Several multinational companies have been targeted in a series of cyberattacks that first struck in Russia and Ukraine. The virus, initially dubbed “Petya,” forces victims to pay in exchange for a return of their data.
Ukraine’s central bank said several domestic lenders – including the largest bank Oschadbank – had been hit on Tuesday morning, hindering operations and leading the regulator to warn other financial institutions to tighten security measures.
Kyiv’s main airport, the national power grid, the radiation-monitoring facility at Ukraine’s shuttered Chernobyl power plant, and Russian state oil giant Rosneft were also among the first to report being hit by the virus, initially dubbed “Petya” or “GoldenEye”. The attacks started around 14:00 Moscow time (11:00 UTC).
They quickly spread to 80 companies in Ukraine and Russia, and the wave was followed by attacks on Danish sea transport company Maersk, British advertising giant WPP and the French industrial group Saint-Gobain. A number of hospitals in the US were also hit.
The virus is “spreading around the world, a large number of countries are affected,” Costin Raiu, a researcher at the Moscow-based computer security firm Kaspersky Lab told the French news agency AFP.
The attacks on Russian and Ukrainian companies involved a type of ransomware that locks users out of computers and demands the purchase of a key to reinstate access, cybersecurity company Group IB told AFP.
The cryptolocker seeks $300 (280 euros) in bitcoin and does not name the encrypting program, which makes finding a solution difficult, Group IB spokesman Evgeny Gukov told AFP.
There was another similar attack in May when over 150 countries and a total of 200,000 victims were hit by WannaCryransomware.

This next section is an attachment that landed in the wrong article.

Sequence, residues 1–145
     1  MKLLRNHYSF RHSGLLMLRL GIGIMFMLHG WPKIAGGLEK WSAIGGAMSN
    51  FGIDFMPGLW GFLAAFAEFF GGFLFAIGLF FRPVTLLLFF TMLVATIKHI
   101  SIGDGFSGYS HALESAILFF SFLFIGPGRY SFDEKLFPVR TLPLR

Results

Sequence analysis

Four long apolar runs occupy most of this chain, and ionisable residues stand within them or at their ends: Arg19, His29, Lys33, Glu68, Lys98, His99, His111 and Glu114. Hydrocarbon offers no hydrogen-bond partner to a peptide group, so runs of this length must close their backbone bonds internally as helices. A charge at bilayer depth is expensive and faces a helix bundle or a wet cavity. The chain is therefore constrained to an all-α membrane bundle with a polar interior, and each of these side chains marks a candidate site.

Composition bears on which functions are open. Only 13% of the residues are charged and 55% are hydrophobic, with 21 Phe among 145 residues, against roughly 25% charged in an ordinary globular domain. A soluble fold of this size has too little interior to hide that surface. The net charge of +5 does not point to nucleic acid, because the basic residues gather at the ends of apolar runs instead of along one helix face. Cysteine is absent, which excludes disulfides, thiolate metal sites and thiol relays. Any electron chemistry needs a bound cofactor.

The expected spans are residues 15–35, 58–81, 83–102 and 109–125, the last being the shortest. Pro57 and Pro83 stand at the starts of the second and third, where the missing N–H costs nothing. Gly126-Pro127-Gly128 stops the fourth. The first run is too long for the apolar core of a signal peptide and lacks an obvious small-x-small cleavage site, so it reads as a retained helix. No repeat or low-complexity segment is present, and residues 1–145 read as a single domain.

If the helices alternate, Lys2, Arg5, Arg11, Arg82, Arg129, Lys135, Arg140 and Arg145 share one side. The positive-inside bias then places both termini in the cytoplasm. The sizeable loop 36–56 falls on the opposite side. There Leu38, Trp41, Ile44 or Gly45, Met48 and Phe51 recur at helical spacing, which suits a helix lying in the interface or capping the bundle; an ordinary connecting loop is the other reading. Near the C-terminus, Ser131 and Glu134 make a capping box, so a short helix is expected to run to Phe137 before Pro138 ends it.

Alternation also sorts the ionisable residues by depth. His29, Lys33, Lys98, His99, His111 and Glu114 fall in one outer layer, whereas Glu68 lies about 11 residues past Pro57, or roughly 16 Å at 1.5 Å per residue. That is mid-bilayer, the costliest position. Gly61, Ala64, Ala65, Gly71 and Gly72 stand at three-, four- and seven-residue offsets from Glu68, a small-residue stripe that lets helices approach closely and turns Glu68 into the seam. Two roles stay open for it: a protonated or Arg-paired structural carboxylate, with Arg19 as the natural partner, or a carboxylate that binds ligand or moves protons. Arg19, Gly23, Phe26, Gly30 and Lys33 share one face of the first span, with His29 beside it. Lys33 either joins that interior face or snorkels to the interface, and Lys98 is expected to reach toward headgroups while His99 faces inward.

The vulnerability in Microsoft’s Windows software was initially disclosed in documents leaked from the US National Security Agency.
Microsoft released a security patch for all platforms from Windows XP to Windows 10 (MS17-010) after tens of thousands of users were hit with the WannaCry ransomware. The MS17-010 patch should protect users from the latest cyberattack.
Ukrainian Prime Minister Volodymyr Groysman wrote on Facebook that the attacks in his country were “unprecedented.” He added that important systems had not been not affected.
Rosneft said its servers had suffered a “powerful” cyberattack but thanks to its backup system “the production and extraction of oil were not stopped.”
“To protect our data we have isolated our systems,” Saint-Gobain told AFP.
A Maersk representative told AFP that company systems are “down across all business units due to a virus.”
The fight against cyberattacks has sparked exponential growth in global protection spending, with the cyber security market estimated at $120 billion this year, more than 30 times its size just over a decade ago.
Rob Wainwright, executive director of Europol, the European Union’s law enforcement agency, wrote on Twitter that “we are urgently responding to reports of another major ransomware attack on businesses in Europe.”
Meanwhile, in France, prosecutors and the police’s cybercrime division opened an investigation into the case, probing fraudulent access to databases and extortion.
Source: jbh, dm/rc (AFP, dpa, AP) / DW